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Figure 4 | BMC Medical Informatics and Decision Making

Figure 4

From: Decision tree-based learning to predict patient controlled analgesia consumption and readjustment

Figure 4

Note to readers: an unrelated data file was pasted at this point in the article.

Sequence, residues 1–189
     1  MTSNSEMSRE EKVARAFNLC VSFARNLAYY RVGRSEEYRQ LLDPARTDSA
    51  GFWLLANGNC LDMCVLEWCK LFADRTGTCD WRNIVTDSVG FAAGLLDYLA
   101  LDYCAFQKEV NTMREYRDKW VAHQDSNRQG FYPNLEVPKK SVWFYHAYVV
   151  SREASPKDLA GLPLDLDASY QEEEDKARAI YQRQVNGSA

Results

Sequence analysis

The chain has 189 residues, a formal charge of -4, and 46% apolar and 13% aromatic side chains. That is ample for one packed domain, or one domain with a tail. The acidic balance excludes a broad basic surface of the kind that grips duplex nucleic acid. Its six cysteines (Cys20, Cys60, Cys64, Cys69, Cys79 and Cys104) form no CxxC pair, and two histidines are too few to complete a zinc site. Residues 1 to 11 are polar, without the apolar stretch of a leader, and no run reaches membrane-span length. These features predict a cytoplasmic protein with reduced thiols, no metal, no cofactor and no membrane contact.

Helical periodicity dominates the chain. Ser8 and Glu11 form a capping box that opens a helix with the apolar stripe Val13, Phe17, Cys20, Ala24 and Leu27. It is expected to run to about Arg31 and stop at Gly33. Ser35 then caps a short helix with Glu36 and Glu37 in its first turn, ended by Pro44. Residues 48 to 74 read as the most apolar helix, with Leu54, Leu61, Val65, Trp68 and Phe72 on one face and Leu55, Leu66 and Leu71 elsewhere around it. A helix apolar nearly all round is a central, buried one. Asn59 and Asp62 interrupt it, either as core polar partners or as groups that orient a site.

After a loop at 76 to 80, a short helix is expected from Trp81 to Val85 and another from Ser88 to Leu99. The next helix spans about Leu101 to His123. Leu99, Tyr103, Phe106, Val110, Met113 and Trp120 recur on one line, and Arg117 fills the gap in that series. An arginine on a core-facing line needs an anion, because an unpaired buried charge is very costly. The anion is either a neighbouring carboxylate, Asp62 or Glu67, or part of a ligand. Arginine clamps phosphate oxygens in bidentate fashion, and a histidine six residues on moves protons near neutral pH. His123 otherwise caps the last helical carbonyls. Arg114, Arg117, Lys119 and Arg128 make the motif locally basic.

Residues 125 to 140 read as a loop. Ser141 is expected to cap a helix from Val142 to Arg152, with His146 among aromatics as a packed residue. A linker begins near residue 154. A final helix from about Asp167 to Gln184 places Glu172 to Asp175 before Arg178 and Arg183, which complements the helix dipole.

Examples of decision regions of data points projected to a 2D space. The X- and Y-axes represent two attributes in the feature space. The minority class examples are denoted by black circles, and the majority class examples are denoted by white circles. Red rectangles indicate the axis-parallel decision regions of the minority class learned by the decision tree algorithm. (a) In an imbalanced but coherent data set, the boundary between classes is clear. Over-sampling the minority class or under-sampling the majority class to balance the data set can help learning algorithms identify the decision regions. (b) If the data set is imbalanced and the minority class examples are sparsely scattered in the majority class, the decision regions are likely to include the majority class examples, making classification more difficult. (c) Over-sampling the minority class with replications makes the decision regions more specific. The replications of the minority class examples are indicated by larger black circles. As the decision regions become more specific, learning algorithms based on the divide-and-conquer method (e.g., a decision tree algorithm) are more prone to overfitting because they produce more partitions in the data during learning. (d) In contrast, under-sampling the majority class randomly selects examples until its size equals that of the minority class. Because the minority class examples are scattered, the decision regions may still contain the majority class examples, and learning the boundary remains difficult.

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